2. Water Softeners
Water softeners are units that filter out hardness from waters. They target elements, such as calcium and magnesium, that are most responsible for producing hard water.
To do this, softeners use a chemical process of known as ion-exchange. This process replaces the “hard” molecules (usually calcium and magnesium) with sodium chloride. Once the system captures these elements, it flushes them out down the drain. The “softened” water that is left is then circulated through the house. Soft water feels much more pleasant on the skin, and protects your pipes, plumbing, faucets and fixtures, and appliances from corrosion and mineral scaling.
Some consumers do question how eco-friendly water softeners are. The release of saltwater back into the system is problematic, to say the least, as is the amount of water they waste during the process. It is a personal choice for each homeowner to decide whether the benefits of a water softener outweigh the drawbacks.
If you do decide to invest in a water softener, such devices need space, and a plumbing specialist for installation. You will also need to stock on water softener salts, to keep the system functioning.
Point-of-use(or POU) systems differ from point-of-entry filters in that you can install POU filters at every fixture. Some of the most common POU systems are found in the kitchen. These include countertop water filters or filters attached directly to the sink. POU filters deliver some of the best and cleanest water you can have in your home. Depending on the technology, these filters can remove a variety of contaminants, such as sediment, chlorine, heavy metals, toxins, and even bacteria and viruses.
POU systems come with plenty of advantages. They are easy to install, affordable, and practical. Most units fit in the majority of kitchens, and attach directly onto most standard faucets and fixtures.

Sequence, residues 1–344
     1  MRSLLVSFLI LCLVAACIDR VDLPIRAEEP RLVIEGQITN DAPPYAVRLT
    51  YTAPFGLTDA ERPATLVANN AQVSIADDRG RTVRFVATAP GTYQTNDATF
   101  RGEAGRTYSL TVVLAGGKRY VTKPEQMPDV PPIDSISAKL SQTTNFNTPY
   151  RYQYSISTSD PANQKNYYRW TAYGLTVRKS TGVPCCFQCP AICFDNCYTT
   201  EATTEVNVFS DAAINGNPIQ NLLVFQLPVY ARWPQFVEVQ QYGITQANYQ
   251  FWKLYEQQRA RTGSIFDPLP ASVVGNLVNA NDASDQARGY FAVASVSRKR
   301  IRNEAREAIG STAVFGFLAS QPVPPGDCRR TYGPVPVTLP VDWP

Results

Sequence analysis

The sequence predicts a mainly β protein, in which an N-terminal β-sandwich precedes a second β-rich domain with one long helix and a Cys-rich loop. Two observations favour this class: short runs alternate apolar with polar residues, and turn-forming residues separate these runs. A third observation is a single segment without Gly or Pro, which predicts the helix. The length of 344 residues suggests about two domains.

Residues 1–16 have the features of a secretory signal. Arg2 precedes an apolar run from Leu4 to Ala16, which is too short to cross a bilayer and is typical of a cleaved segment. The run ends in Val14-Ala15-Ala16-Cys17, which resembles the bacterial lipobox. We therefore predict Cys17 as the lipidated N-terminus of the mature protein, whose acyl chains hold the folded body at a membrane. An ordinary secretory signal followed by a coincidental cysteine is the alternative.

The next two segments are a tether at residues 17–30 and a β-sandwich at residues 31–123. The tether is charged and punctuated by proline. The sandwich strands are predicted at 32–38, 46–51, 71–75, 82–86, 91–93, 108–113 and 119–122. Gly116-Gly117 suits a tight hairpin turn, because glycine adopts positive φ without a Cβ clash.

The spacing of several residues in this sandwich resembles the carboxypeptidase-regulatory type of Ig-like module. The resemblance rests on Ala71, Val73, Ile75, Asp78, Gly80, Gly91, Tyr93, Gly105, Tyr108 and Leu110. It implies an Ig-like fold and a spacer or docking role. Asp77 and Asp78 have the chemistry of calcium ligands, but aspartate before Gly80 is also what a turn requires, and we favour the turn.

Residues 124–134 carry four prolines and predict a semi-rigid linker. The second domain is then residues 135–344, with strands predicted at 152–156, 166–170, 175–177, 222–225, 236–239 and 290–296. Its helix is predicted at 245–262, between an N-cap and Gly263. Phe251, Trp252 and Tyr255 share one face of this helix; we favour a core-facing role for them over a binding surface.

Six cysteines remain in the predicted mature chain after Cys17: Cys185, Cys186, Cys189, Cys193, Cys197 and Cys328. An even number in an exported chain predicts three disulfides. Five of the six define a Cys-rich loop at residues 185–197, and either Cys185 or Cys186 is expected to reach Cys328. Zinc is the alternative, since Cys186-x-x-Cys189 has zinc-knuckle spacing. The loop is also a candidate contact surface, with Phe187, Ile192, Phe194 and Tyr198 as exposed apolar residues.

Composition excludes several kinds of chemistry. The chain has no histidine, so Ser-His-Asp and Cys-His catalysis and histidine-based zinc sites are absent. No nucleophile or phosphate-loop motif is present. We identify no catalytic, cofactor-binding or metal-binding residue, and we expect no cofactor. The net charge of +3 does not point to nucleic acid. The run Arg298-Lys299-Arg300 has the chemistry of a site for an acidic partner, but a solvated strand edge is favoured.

Here are five POU filters you can rely on to have clean water in your home.
1. Under-Sink Systems
Most under-sink filters feature reverse osmosis technology and multiple stages of filtration to produce clear, delicious drinking water. Many also include a re-mineralization step that delivers balanced mineral water to your tap. These durable and affordable systems are very convenient in terms of space, ease of installation and maintenance, and performance.
Some under-sink filters are sizable enough that they need special room set aside under the sink. Some users also install them in adjacent kitchen cabinets or mount them on the kitchen wall.
Since most under-sink use reverse osmosis technology, you need to consider the following when browsing for a system:
- Wastewater vs. clean water ratio – If this ratio is anything other than 1:1, you may consider doing more research on the unit. This ratio means that the system requires more than one gallon of water to produce one gallon of filtered water. Later down the road, this could present a budgeting or waste issue.
- Installation – Some units require help from plumbers or professionals for installation, maintenance, or repairs. Others are relatively simple to install and maintain, and you can DIY.
- Calculate cost of replacing the filters – Most under-sink filters have long filter lives. But you will still need to replace the filter cartridge at least once or twice a year. Keep in mind that cartridge prices vary widely.
Under-sink water filters are among the most popular systems available on the market. Many consumers love the convenience and ease of having fresh mineral water for cooking and drinking straight from the tap.